2012 Won’t Be a Replay

Over at The New Republic William Galston has a solid post that repeats some of the observations I’ve been making around here on why the 2012 presidential campaign won’t be a rerun of the 2008. He opens:

With the general election now underway, it’s tempting to assume that President Obama has a built-in advantage by having at his disposal a campaign operation that earned universal plaudits in 2008. But as Team Obama itself already knows—or, if not, will soon come to realize—the 2012 contest will be very different from the president’s triumphant march to the White House four years ago. The key question will be how the old campaign staff responds to the new electoral landscape. Here are seven realities that Team Obama will have to adjust to.

The seven reasons he outlines are:

  • 2012 will at least in part be a referendum on the last four years of the Obama Administration.
  • Rather than promising bipartisanship he’ll need to blame Republicans for Washington’s polarization without alienating moderates and independents.
  • “Yes, we can” is probably out as a campaign slogan.
  • Young voters are unlikely to turn out in the numbers they did in 2008.
  • The president is unlikely to receive as much business support as he did in 2008.
  • It will be difficult to simultaneously rally his base and court moderates and independents and he can’t win without both groups.
  • The president is at the mercy of whatever happens with an economy over which he has little control

I continue to think it likely that President Obama will be re-elected for reasons that include inertia—Americans tend to re-elect their presidents. But I think it will be a squeaker.

12 comments… add one

  • I’d doubt we’ll hear “change we can believe in” much either. I wonder if Kerry’s “I was for it before I was against it” will be resurrected to use against Romney.

    Frankly, I don’t know what’s going to happen with this election. Like you, I expect it will be a squeaker absent some big event between now and November.

  • Since you brought this up before, I’ve been thinking that it will be something like 2004.

    The PPACA will be comparable to the war in Iraq in how it influences turnout.

    Romney is comparable to Kerry in terms of overall perception and, God bless ‘em, charisma.

    But I don’t know what the states will include on their ballots that will have the drawing power of the marriage amendments that encouraged social conservatives to vote in that election.

  • The PPACA will be comparable to the war in Iraq in how it influences turnout.

    I don’t think so, Janis. I think that the economy will continue to be the issue on most people’s minds. Consider the most recent Gallup poll. I can’t interpret that as an overweening interest in the PPACA in either direction.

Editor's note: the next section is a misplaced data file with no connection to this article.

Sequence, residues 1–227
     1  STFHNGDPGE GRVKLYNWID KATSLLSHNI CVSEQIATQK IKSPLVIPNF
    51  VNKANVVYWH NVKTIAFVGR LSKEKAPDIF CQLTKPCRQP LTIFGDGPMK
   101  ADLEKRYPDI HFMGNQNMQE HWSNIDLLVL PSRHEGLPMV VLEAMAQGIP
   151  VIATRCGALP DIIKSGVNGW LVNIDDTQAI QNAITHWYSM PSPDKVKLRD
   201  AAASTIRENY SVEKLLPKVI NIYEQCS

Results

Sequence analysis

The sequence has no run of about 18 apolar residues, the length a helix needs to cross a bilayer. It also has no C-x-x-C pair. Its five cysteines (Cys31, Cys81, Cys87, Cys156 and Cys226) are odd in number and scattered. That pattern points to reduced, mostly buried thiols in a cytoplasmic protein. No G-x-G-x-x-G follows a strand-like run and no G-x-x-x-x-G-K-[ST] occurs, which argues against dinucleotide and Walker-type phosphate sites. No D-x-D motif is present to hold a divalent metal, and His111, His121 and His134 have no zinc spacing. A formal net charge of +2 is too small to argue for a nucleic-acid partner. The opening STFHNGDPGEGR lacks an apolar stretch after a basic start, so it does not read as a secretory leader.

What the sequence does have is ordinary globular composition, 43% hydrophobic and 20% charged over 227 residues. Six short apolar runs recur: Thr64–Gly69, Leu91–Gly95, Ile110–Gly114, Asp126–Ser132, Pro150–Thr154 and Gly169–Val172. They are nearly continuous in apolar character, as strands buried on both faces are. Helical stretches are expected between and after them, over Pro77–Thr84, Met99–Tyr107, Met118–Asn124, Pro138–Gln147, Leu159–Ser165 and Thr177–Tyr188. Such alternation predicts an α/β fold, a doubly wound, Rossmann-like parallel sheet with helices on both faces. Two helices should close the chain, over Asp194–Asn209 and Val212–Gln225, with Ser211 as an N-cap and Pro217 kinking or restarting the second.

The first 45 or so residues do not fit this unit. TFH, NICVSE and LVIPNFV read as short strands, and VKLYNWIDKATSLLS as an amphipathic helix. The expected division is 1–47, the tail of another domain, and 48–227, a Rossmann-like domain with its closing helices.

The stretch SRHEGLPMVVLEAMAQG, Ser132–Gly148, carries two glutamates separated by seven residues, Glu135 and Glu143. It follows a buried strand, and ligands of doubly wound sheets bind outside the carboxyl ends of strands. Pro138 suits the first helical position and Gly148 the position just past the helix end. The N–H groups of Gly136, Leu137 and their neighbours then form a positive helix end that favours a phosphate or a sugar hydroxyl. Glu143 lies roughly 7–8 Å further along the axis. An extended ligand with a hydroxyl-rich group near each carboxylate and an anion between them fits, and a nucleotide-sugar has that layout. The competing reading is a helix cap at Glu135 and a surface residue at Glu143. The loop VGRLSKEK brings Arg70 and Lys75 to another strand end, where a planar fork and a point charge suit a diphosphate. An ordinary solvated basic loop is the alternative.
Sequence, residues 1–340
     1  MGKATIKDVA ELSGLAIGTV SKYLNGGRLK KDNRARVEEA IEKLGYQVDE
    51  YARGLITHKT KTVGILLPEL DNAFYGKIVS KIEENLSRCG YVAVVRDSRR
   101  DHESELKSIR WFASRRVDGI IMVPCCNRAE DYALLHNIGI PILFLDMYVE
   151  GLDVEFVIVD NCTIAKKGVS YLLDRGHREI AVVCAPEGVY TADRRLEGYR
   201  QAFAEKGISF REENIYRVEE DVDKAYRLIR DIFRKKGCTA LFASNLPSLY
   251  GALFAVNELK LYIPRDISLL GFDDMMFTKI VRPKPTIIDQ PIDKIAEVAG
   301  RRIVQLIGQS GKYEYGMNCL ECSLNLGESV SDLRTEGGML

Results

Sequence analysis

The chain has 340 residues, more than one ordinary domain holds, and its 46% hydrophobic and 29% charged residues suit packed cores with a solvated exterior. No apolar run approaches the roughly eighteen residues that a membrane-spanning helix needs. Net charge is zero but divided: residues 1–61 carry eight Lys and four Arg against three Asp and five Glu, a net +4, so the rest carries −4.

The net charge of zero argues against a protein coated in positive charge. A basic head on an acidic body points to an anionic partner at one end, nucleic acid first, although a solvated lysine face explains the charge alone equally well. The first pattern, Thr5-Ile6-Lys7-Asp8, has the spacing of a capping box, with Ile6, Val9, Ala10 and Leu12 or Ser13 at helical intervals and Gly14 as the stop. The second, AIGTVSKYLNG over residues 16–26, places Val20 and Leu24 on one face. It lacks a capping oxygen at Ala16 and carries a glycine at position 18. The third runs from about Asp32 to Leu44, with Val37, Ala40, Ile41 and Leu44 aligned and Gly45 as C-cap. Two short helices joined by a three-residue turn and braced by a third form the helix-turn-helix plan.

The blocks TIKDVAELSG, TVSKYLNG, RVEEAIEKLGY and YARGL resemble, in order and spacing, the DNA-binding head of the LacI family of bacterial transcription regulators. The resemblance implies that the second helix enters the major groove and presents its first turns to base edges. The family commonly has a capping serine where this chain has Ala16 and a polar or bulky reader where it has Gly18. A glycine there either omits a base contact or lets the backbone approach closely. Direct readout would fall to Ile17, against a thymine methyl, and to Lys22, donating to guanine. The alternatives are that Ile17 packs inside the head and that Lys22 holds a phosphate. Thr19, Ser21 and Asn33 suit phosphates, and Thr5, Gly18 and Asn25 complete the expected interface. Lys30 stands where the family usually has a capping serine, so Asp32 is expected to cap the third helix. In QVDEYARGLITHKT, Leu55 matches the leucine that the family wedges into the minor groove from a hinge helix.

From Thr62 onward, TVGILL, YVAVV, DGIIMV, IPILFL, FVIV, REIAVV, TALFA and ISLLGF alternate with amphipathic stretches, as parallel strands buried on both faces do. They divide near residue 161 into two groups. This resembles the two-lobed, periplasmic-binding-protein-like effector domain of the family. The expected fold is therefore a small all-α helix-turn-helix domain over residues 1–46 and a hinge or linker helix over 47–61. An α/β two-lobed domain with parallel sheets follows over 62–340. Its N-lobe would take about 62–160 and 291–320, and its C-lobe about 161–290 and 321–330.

Consequently, if the unemployment rate goes over 9% and/or the labor force participation rate falls below 50%, the president could be in real trouble.

  • But there will need to be pegs for voters to hang their hats on. The PPACA and the spectre of penalties will be one of those pegs. Or, if it’s overturned, there will be drumbeat of Obama’s failure to institute “socialized medicine.” A background issue, for sure, but then, for most of the electorate, so was the war in Iraq.

  • In this same poll at roughly this same time in 2004, 22% of the people listed “international issues”, i.e. the GWOT as the most important problem while 26% listed “economic issues”.

    Today 5% of people list healthcare as the most important issue while more than 70% list the economy.

  • Twenty-two percent were concerned about terrorism, I’d think, not the wars in Iraq or Afghanistan.

  • Icepick

    Obama’s main chance requires low voter turn-out. The higher the turn-out the more likely it is pissed off people voting. Pissed off people aren’t likely to be voting for incumbents. Obama will only want certain groups to turn out in numbers: blacks and whatever young people will be pushed to vote because of the Trayvon Martin thing, Democratic women will be pushed to vote because of “the war on women”. Independent and Republican women will be discouraged to stay home because of “the war on women”.

    It’s going to be hard to drum up enthusiasm for someone who is still, over three years into his term, saying, “It’s not my fault!”

  • Icepick

    Independent and Republican women will be discouraged to stay home because of “the war on women”.

    Sigh. Independent and Republican women will be discouraged FROM VOTING because of “the war on women”. Remember, kiddies, always check that one edit doesn’t necessitate other changes!

  • jan

    Icepick is right on about turn-out. The dems will not be as enthused in 2012 as they were in ’08, having now experienced what has been written on this former blank-slate-of-a-man. Obama got into office because of his soaring words, promises, and the fact he was black/white in racial ethnicity.

    As President, he has failed to back up his words. He has broken the majority of his promises. And, he has done nothing but, IMO, make the black/white divide even wider in their differences and disgruntment with each other. And, I haven’t even gotten to how he has handled the economy!

  • And that’s the sort of talk that turns me right off the Republicans, Jan. I do think it would have been better had the president not made any statements about local law enforcement issues.

  • I just selfishly want the capital gains tax rates to not rise. We have business coming up in the next four years.

  • Michael Reynolds

    I propose the slogan, “Enh, we might…” for the Obama team.

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